1. Drinking water treated with chlorine. (I am not against chlorinating the water supply – I do not want to be treating cases of typhoid fever or cholera. But every drink of tap water contains chlorine – specifically added to kill bacteria! Our produce fruits and vegetables are washed in chlorinated water. Not “gut flora friendly,” to say the least!
2. Soft drinks (colas, etc.) are often made with phosphoric acid, which gives them their “bite” on the tongue. Phosphoric acid kills microbes – and gut wall cells.)
3. Coffee – the coffee oils that give coffee its taste are quite harsh on bacteria
4. Alcohol – the glass of wine, that mug of beer may taste good, but, think about it: in the hospital, we dip our surgical instruments into alcohol to kill bacteria – and, yet, people drink it as a recreational beverage! Alcohol in the concentrations that people commonly drink kills every cell – plant or animal – that it touches.
5. Herbicides on plants foods – molecules intentionally designed to chemically injure plant cells. Most of the microbes in your gut share the same cell machinery as true plants – cell walls, chromosomes, etc. So, herbicides on foods can damage microbe balance, too.
6. Antibiotics from doctor’s prescriptions – often requested by the patient and dispensed reluctantly by the doctor for viral infections not affected by antibiotics.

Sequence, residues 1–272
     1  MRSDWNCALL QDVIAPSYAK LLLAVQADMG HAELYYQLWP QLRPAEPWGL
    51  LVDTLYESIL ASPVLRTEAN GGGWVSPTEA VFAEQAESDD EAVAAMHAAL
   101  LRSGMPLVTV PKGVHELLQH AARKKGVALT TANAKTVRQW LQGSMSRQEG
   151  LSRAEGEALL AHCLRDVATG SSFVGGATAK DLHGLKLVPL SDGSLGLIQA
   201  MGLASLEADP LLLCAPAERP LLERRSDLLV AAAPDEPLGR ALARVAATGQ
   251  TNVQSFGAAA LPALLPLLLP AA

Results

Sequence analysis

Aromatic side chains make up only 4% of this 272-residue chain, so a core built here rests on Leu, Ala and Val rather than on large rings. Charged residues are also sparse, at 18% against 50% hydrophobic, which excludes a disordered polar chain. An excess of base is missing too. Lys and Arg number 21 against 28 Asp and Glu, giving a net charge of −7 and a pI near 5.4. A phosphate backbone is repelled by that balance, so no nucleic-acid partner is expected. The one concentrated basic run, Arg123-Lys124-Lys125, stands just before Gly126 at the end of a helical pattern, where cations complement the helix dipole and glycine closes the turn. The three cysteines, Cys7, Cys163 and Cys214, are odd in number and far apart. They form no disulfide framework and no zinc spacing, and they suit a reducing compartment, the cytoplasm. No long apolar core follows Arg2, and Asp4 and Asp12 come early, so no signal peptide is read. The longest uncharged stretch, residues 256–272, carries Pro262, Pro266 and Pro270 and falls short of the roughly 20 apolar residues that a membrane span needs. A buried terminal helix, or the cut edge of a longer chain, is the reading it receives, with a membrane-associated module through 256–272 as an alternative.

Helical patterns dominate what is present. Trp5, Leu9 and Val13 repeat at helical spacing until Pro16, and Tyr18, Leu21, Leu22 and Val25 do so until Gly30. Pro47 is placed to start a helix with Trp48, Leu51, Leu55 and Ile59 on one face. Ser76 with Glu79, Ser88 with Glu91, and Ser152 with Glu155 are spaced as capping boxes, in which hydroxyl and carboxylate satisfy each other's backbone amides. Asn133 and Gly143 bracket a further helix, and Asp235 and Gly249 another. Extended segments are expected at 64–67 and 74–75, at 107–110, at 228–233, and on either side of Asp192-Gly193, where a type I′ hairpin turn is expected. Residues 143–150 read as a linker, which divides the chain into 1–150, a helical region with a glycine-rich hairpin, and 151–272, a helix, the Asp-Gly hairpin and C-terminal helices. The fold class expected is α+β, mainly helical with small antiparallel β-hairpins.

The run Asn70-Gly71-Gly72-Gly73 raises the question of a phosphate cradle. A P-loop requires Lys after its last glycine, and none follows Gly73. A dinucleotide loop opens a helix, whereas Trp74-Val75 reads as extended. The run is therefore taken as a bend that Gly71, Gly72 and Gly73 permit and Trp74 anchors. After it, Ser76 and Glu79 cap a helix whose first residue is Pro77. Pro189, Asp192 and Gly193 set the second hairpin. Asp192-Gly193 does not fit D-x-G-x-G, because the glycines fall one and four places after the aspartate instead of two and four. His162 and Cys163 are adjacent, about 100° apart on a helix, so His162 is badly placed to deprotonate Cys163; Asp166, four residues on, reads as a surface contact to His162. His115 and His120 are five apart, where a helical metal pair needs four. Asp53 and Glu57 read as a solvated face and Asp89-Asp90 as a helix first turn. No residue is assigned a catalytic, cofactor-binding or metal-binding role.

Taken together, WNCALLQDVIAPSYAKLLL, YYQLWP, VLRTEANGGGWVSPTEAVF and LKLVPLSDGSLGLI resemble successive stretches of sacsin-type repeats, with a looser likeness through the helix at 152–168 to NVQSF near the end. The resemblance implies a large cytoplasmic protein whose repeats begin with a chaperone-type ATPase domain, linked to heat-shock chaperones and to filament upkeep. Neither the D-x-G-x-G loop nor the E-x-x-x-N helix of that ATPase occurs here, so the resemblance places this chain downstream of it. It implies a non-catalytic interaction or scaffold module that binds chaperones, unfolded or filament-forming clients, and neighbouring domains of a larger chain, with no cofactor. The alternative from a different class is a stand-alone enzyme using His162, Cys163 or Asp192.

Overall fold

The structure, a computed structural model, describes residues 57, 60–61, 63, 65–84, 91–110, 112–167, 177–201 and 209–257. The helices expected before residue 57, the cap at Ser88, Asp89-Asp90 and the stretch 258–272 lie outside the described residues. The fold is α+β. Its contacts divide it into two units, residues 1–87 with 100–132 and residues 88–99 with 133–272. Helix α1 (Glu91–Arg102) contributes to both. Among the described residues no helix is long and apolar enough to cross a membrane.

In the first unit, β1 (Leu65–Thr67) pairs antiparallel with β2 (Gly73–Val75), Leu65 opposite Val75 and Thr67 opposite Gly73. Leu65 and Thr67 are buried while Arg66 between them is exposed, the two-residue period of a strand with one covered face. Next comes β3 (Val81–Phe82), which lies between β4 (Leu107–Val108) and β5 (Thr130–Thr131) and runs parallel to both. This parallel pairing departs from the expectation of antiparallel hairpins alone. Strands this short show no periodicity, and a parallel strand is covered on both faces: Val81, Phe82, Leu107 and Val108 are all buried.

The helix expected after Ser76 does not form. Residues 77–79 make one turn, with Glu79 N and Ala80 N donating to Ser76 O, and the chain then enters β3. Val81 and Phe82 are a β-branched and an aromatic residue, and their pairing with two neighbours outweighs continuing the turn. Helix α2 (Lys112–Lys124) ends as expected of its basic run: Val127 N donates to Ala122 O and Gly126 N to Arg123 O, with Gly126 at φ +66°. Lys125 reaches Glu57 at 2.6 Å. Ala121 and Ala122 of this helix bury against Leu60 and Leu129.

7. Antimicrobials in the meats from factory-farmed animals is a HUGE problem, unbalancing our gut microbes and spawning antibiotic-resistant “super-bugs.”
8. Teas – both black and herbal. The peppermint plant, the chamomile plant and their kin are not making those lovely oils with your cup of herbal tea in mind. Those are anti-bacterial oils made to kill bacteria before they invade the leaves and stems of the plant. I am not saying an occasional cup may not be soothing and have beneficial properties, but consumed in large amounts, they can be one more element in the daily assault on our healthy, stable, beneficial, multi-trillion organism population of gut microbes.
No wonder so many people have imbalances in their gut microbial populations, known as their “micro-biome.”
As the normal inhabitants are killed off by this modern-day onslaught, unfriendly yeast, bacteria and other microbes can set up housekeeping along and within the intestinal wall and then proceed to damage that intestinal barrier, leading to the “leaky gut” syndrome and all the inflammatory conditions that arise from that condition.
Consequently, if you subject your micro-biome to any or all of the above injurious agents on a regular basis, or if you have recently taken a course of prescribed antibiotics, ingestion of a good probiotic may well be a wise idea for you to prevent diarrhea, yeast overgrowth and a host of other problems.